The first “out leather dyke from California,” as she puts it, to earn a major solo show at New York’s Guggenheim Museum, in 2008, the 52-year-old artist has never shied away from confrontation or candor. For a 1994 self-portrait, she wore a leather hood and had the word pervert cut into her bare chest; a decade later she posed topless as her infant son suckled her nipple. (That work is featured in the group show “Me. Myself. Naked” at Museen Böttcherstrasse, in Bremen, Germany, through February 2, 2014.) Although the construction of identity has long been the subject of her work—she is best known for her documentary-style photographs of archetypical communities including surfers, football players, and lesbian families—Opie has also trained her lens on freeways and rural landscapes. Over the past couple of years, she has shot close artist friends like Matthew Barney, Raymond Pettibon, and Kara Walker against a black background, in hopes of investing her photographs with more narrative mystery. The goal, she explains, is to allow viewers “to load their own sense of story onto an image.” Though she’d never met him before, George Clooney, she decided, fit neatly into her concept. “I told myself this was just another person I had asked to come to the studio,” she says. Of course, his renown as “the go-to romantic guy,” Opie explains, led her to explore the expectations that come with a portrait of a male movie star and to “tweak them.” For starters, she left the actor barefoot and played with poses from John F. Kennedy’s official portraits, among others. A lover of 17th-century painting, Opie looked to Hans Holbein as inspiration for her earliest sittings; lately, Leonardo da Vinci has led her to think about light and how it breaks and illuminates certain areas while pulling others into shadow. Wanting Clooney to appear as if he were emerging from a private reverie, she moved the lights herself and kept the set music-free. “I didn’t want just a stare; it had to be a human moment,” Opie says. “Ultimately, I’m interested in the silence that portraits can offer."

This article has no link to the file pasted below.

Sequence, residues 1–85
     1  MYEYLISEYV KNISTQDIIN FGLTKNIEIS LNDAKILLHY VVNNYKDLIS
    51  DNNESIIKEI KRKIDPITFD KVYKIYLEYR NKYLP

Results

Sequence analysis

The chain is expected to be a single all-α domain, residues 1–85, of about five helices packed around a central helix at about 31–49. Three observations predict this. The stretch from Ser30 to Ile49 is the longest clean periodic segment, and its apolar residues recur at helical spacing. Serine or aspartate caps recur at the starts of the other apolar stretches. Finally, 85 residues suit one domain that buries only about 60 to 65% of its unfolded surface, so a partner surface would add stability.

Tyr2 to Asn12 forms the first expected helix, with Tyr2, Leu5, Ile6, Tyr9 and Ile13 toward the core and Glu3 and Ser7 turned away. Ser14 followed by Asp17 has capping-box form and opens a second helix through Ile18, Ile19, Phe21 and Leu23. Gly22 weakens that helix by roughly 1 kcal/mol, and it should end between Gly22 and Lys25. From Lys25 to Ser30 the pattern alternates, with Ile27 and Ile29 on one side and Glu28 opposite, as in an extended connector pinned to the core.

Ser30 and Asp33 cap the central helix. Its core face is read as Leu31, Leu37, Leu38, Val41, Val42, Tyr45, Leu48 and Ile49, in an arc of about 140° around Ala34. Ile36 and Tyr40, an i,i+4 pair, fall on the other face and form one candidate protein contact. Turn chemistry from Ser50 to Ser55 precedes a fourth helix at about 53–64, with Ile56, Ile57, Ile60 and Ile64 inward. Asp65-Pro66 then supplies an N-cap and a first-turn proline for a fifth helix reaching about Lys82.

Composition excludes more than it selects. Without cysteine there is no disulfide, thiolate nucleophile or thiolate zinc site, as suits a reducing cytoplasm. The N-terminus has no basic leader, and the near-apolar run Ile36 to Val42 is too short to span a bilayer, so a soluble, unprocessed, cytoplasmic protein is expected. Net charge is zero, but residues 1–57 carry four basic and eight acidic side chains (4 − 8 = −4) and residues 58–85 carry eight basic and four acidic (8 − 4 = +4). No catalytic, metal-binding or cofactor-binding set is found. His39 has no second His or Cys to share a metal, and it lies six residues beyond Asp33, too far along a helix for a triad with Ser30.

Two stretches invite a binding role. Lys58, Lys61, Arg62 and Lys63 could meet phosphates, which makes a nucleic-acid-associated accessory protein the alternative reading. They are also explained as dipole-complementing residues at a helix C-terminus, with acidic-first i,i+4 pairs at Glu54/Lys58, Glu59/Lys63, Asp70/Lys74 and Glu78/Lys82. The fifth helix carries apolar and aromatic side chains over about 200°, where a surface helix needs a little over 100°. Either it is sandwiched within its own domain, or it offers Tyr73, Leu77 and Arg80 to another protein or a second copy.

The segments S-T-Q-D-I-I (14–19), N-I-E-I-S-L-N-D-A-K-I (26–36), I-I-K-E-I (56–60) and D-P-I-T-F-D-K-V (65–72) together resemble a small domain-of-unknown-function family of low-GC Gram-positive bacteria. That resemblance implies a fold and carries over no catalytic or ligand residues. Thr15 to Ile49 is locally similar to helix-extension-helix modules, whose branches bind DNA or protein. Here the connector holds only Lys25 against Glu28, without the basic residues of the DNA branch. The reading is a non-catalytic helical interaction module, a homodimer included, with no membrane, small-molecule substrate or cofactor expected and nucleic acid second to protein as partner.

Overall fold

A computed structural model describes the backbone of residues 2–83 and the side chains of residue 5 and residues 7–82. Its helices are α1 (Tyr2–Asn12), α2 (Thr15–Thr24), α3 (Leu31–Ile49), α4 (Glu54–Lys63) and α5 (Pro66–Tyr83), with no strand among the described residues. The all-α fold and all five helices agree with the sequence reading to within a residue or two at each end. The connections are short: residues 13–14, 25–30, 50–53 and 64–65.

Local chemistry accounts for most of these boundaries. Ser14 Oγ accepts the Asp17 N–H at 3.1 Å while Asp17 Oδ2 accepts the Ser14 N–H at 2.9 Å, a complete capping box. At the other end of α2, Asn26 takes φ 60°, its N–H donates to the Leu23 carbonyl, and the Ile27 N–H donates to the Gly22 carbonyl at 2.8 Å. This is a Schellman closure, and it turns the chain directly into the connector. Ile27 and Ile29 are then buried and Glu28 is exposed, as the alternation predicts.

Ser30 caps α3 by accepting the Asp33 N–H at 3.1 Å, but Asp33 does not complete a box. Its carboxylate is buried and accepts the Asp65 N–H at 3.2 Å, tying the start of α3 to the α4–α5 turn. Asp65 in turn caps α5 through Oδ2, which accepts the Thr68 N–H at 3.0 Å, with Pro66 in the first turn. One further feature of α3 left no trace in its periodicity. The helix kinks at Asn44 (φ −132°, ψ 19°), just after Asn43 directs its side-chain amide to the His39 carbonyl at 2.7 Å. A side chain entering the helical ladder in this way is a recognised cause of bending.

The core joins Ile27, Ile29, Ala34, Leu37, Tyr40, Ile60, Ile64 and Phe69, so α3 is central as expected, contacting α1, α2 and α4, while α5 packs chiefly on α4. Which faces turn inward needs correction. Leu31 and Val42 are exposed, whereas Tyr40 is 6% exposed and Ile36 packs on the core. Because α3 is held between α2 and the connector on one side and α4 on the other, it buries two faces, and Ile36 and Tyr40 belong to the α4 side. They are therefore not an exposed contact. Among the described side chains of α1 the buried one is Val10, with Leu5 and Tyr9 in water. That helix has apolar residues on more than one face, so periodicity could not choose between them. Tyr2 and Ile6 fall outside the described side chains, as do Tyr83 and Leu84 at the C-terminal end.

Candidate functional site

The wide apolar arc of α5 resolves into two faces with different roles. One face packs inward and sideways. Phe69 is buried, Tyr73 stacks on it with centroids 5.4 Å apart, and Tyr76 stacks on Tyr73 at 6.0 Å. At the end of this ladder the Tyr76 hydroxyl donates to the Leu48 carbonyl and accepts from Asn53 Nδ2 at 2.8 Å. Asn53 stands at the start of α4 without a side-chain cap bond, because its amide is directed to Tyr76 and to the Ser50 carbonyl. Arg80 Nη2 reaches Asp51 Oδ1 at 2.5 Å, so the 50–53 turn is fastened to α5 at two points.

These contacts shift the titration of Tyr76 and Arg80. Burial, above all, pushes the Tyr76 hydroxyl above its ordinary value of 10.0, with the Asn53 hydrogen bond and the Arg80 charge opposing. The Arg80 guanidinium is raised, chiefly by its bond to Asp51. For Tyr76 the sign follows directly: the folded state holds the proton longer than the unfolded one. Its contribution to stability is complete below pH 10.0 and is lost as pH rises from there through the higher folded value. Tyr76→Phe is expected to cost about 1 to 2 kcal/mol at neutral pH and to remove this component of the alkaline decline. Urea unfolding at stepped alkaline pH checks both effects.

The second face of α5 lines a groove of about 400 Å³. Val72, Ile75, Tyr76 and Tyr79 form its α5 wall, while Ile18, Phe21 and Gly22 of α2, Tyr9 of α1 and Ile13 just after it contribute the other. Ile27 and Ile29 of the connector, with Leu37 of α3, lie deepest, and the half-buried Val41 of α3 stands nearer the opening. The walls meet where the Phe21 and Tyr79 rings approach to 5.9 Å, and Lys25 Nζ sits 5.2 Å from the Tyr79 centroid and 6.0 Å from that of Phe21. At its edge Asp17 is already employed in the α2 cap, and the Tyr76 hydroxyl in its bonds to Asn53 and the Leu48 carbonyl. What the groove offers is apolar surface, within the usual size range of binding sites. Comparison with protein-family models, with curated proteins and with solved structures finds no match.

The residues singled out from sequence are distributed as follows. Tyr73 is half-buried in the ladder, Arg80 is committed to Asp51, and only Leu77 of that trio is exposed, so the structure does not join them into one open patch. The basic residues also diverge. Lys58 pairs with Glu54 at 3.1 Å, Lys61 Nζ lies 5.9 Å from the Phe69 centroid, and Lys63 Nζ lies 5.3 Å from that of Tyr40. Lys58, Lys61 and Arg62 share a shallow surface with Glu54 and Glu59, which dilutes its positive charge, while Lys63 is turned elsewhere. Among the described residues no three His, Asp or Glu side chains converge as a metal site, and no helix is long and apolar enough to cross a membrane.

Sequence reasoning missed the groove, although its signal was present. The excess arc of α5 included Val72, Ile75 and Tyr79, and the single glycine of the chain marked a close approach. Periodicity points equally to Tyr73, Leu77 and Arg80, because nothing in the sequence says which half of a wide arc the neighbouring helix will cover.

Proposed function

Giorgio Armani suit; Emporio Armani shirt; Omega watch. Styled by Michael Kucmeroski. Purchase this image on Artsy.